Tuesday, 20 October 2009

The plight of women

The plight of women in history is something that I wonder about ...alot. History is full of the exploits of men, by reading between the lines of the chroniclers we can glean information about thier battles, thier politics, thier private lives but when it comes to women, the page is silent.

There are some queens and noblewomen who have managed to speak to us down the years but they are few and far between and those were women who were out of the ordinary. We know that women like Eleanor of Aquitaine went on crusades and that Joan of Arc was a heroine for a while; Eleanor was imprisoned for sixteen years by her husband Henry ii and we all know what became of poor old Joan. In stepping outside the boundaries of thier prescribed role they brought down the wrath and disapproval of the male faction. And these were the wo men we regard as successful in asserting thier human rights. Others were far less fortunate.

In my novels I try to imagine how it must have felt to be so constrained. Not allowed to speak as they saw fit, not able to marry where they wished, denied a proper education and beaten (although, to be fair, only with a rod no thicker than a thumb). Historically women have been solely regarded as an ornament to enhance their husband's status. Christian writers like St Paul and Jeronme, denigrated women as tools of the devil; they portrayed deceit and sexual incontinence as being inherent to the fairer sex. They warned men against women and bade them keep thier wives undercontrol for they were incapable of denying thier own nature. Monks did not like sex, they approved of marriage only as a means of procreating without recourse to sin.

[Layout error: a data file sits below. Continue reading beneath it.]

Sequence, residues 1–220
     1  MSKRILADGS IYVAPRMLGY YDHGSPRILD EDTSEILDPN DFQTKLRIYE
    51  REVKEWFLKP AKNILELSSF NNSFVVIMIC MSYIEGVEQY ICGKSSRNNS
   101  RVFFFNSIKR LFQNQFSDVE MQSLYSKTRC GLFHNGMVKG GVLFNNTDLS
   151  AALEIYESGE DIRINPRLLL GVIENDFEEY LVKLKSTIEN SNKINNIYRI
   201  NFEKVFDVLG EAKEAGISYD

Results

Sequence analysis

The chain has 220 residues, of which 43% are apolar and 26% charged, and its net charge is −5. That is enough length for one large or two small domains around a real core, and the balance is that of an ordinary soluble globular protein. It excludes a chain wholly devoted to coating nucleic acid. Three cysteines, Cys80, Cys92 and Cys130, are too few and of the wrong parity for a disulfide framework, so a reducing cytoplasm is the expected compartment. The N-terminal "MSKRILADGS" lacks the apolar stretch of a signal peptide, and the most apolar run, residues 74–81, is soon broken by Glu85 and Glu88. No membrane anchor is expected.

This warped idea of women filtered into literature; the ideal woman becoming one who was entirely cowed by the authority of her husband or father. the meek woman became every man's ideal. So many men must have been disappointed for I cannot believe that women were truly so pliable, I am sure they sought other means of getting what they wanted. For many hundreds of years literature concerning women was written by men, for men to read. They may have been constrained to do things against thier will but I am convinced they would have not done so quietly; it isn't in our nature.

The women in my novels, although pressured by the unnatural constraints placed upon them, are not cowed. They plot and scheme for themselves and fight for a middle ground. They don't always win but, without altering the historical record too drastically, I usually try to make sure that they at least get a fair bite at the cherry.

No comments:

Post a Comment